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Waukehsa Continues Debate Over Northwoods League Pitch

Northwoods League

Waukesha, WI officials continue to debate a proposal for a new summer-collegiate Northwoods League team and ballpark at Frame Park, with the financial implications being a key sticking point. 

Under a proposal from Big Top Baseball, an existing baseball field at Frame Park would be converted into a 2,500-seat ballpark that includes videoboard, concessions, expanded seating and hospitality areas. If it comes to fruition, the proposed new ballpark would become home to a summer collegiate Northwoods League team in Waukesha, a suburb of Milwaukee.

The ballpark would cost $4.7 million, with Big Top Baseball paying $500,000 upfront and then $150,000 annually over the life of a 20-year lease. In addition, the group would pay for field maintenance as well as $25,000 for upgrades outside of the ballpark.  While this is not the first time a Northwoods League facility and team have been pitched for Frame Park, the proposal has been controversial in some circles, with residents concerned over the use of the park for a summer collegiate team and ballpark, as well as its potential to bring traffic, parking, and noise issues to the surrounding area.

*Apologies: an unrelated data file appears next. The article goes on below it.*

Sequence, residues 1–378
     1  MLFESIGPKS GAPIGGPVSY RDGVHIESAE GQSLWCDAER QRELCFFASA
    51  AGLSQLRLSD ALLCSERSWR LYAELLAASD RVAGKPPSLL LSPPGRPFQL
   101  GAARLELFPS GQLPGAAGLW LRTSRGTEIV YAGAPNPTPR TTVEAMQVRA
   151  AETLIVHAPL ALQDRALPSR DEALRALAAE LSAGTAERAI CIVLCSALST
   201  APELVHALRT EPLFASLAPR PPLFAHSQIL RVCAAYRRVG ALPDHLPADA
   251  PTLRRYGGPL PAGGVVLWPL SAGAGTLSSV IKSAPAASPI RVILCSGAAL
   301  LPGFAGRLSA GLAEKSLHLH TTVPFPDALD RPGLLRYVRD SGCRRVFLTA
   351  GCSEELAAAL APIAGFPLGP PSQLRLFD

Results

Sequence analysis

Some of those concerns were expressed at a public meeting earlier this week, but Waukesha officials noted that they are intrigued by the economic development benefits the plan could provide. More from The Milwaukee Journal Sentinel:

City Administrator Kevin Lahner said one major aspect of the city’s interest in upgrading the Frame Park field and leasing it for $150,000 annually in a public/private partnership deal is the role it would play in several city goals.

For one, the plan could help generate the hoped-for redevelopment of Whiterock Avenue and East Main Street in the years ahead and economic development in general.

The new stadium would also generate nontax revenue, a goal the city has in mind to offset tax-oriented limits imposed under state laws in recent years.

“Creating nontax revenues is a particular challenge that cities face on a regular basis,” Lahner said. “We have to deal with things like revenue caps and tax caps from the state Legislature.”

Big Top Baseball owns and operates several clubs in the Northwoods League, including the Madison Mallards, Wisconsin Rapids Rafters, Kenosha Kingfish, and Green Bay Bullfrogs.

RELATED STORIES: Waukesha Continues to Debate Northwoods League PitchWaukesha Mulls Northwoods League Team, New Ballpark

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